Aerial pheromone treatments planned to begin in late spring or early summer
SACRAMENTO – The California Department of Food and Agriculture (CDFA) and the United States Department of Agriculture (USDA) continue to develop their plans for the 2008 Light Brown Apple Moth eradication program in nine Central California counties along the coast and in the Bay Area.
In planning the eradication program, CDFA and USDA are working with a team of international Light Brown Apple Moth experts that believes the pest can be eradicated through the primary use of aerial pheromone treatments along with other techniques. A pheromone is a natural scent that an insect produces to communicate with a potential mate. Pheromone use for this pest works by confusing the male moth, which disrupts the mating cycle, thereby decreasing or eradicating the pest population. Pheromones are not harmful to people, pets or plants.
Specific plans for communities within the nine-county region are still under consideration and are dependent on variables including moth detections and funding as the program moves forward.
The CDFA/USDA approach continues a long-standing policy of using the most environmentally sensitive yet effective tools in eradication programs. All of the techniques being considered are alternatives to widespread spraying of conventional pesticides.
Aerial pheromone treatments are planned to begin in late spring or early summer. The USDA is currently field testing a number of new aerial pheromone products in New Zealand, with the goal of finding a pheromone product that lasts longer in the environment than 30 days, therefore requiring fewer aerial treatments. Both the USDA and CDFA feel this is important in light of community concerns about the frequency of treatments. The products used in aerial treatments last year, Checkmate OLR-F and Checkmate LBAM-F, were designed to last 30 days in the environment.
While research in New Zealand continues, it is critical that ground treatments resume soon. Pheromone treatments with twist ties will likely begin in February, on a date yet to be determined. Twist ties are applied by ground crews to host plants, trees and fence posts in isolated, lightly infested areas within the nine-county region. This approach creates mating disruption by dispersing moth pheromone in the infested area.
Ground treatments with Bt (Bacillus thuringiensis), a naturally-occurring bacteria, and spinosad, an extract from naturally-occurring bacteria, may be utilized in heavily infested areas where moth larvae have been detected. The formulations of each product that would be used are approved for use on organic crops. No specific treatments with these products have been scheduled. This approach is intended to complement and not replace aerial pheromone treatments.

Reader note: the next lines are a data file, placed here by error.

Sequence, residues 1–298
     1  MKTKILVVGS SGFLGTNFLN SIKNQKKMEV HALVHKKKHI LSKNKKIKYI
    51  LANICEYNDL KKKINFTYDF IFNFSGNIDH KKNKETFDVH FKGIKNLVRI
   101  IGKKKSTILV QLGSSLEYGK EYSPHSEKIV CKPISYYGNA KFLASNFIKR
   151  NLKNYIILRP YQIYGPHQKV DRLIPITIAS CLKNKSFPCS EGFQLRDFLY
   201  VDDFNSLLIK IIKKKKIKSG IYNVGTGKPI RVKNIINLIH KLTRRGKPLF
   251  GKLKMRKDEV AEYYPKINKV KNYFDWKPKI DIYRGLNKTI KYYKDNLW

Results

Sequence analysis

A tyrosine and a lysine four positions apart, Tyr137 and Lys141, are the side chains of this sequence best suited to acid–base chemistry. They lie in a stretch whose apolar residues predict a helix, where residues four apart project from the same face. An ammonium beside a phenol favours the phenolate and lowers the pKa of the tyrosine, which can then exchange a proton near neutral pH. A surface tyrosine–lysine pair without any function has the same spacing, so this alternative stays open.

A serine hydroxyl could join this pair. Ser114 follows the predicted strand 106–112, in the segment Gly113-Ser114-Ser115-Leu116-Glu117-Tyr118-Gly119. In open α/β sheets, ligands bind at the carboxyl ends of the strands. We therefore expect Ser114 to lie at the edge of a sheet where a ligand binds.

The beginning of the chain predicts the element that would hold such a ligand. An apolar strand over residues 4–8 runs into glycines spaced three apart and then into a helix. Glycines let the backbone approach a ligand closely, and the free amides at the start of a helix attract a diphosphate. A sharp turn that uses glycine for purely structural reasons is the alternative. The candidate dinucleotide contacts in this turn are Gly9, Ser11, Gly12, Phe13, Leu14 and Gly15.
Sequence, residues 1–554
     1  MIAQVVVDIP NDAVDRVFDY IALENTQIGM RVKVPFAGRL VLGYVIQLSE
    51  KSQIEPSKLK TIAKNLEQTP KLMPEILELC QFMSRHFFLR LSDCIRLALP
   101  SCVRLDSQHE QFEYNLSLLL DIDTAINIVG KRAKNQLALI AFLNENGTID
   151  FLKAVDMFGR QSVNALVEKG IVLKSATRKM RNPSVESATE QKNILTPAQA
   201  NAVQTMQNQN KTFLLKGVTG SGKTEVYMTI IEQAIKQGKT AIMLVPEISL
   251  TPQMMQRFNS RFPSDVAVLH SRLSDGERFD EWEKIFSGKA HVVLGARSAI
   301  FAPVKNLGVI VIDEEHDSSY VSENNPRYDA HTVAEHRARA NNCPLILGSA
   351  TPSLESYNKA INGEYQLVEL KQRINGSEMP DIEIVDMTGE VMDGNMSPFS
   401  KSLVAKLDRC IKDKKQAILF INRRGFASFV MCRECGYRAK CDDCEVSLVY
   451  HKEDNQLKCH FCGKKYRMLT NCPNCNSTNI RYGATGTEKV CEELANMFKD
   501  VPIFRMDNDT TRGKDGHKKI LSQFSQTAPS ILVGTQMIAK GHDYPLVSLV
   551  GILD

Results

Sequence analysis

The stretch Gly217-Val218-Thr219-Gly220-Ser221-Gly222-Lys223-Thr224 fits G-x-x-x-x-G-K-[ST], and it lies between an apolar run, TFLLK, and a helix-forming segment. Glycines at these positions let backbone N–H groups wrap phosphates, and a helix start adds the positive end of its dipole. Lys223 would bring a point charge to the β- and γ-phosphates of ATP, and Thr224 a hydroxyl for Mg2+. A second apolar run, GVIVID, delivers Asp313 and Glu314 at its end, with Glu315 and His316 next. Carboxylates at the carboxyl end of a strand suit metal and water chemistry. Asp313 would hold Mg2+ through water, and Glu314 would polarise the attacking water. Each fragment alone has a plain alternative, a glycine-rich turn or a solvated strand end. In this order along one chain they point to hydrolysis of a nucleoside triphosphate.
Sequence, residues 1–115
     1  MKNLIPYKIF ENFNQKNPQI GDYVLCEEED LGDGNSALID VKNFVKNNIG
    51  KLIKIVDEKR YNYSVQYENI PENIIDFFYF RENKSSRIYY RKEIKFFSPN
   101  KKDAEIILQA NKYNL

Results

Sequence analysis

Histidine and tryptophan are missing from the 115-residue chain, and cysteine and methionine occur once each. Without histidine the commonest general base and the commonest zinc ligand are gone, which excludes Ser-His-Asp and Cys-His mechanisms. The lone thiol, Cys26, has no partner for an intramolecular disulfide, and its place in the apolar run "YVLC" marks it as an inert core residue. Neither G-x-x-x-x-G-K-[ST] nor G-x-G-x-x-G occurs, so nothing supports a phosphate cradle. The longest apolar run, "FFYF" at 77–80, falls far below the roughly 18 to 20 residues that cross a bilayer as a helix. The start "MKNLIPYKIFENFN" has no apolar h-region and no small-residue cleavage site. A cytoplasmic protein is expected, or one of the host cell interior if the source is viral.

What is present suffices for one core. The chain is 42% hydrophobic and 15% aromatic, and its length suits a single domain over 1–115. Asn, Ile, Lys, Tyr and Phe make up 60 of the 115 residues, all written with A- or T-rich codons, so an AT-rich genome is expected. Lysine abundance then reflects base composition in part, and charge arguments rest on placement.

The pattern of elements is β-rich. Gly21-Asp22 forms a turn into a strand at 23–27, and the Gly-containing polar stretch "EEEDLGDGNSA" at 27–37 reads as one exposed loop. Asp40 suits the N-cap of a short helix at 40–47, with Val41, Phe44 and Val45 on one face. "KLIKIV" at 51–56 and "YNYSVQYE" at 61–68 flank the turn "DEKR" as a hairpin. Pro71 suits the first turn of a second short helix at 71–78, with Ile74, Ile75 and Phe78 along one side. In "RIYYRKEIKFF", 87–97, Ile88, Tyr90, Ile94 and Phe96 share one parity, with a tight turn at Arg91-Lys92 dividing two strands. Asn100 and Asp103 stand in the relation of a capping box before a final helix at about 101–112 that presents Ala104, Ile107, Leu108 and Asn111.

The USDA and CDFA are also evaluating another method - a male attractant treatment. This would start in the most densely infested areas and would consist of a ground treatment featuring pheromone mixed with a small amount of pesticide that would attract and then kill male apple moths. The mixture would be applied out of reach, at a height of approximately eight feet, on utility poles and trees. The pesticide that would be utilized is permethrin, a common household product that is used frequently for flea control on family pets. While no specific treatment using this method has been scheduled yet, it may be used in the period when aerial pheromone products are being tested. Again, this approach is intended to complement and not replace aerial pheromone treatment.
Additionally, the two agencies may introduce Trichogramma wasps, which are tiny and stingless, to help with eradication. The wasps lay their eggs inside moth eggs. The wasp larvae hatch and eat the host egg from the inside. These wasps will not bother over-wintering monarch butterflies and they would not be released near threatened or endangered plants or butterflies and moths.
The first confirmation of the Light Brown Apple Moth in the Bay Area came in February 2007. Since then, many thousands have been detected throughout the central coast region, in the counties of Monterey, Santa Cruz, Santa Clara, San Mateo, Contra Costa, Marin, San Francisco, Alameda and Solano. Small, isolated infestations detected last year in Los Angeles and Napa counties have already been eradicated.
The Light Brown Apple Moth is native to Australia and is found in New Zealand, the United Kingdom and Hawaii. The range of host plants is broad with more than two-thousand plant species known to be susceptible to attack by this pest. It threatens California’s environment—including cypress, redwood and oak trees—and the food supply. The pest destroys, stunts or deforms young seedlings; spoils the appearance of ornamental plants; and injures citrus, grapes, and deciduous fruit tree crops.
California Department of Food and Agriculture Office of Public Affairs
1220 N St., Ste. 214, Sacramento, CA 95814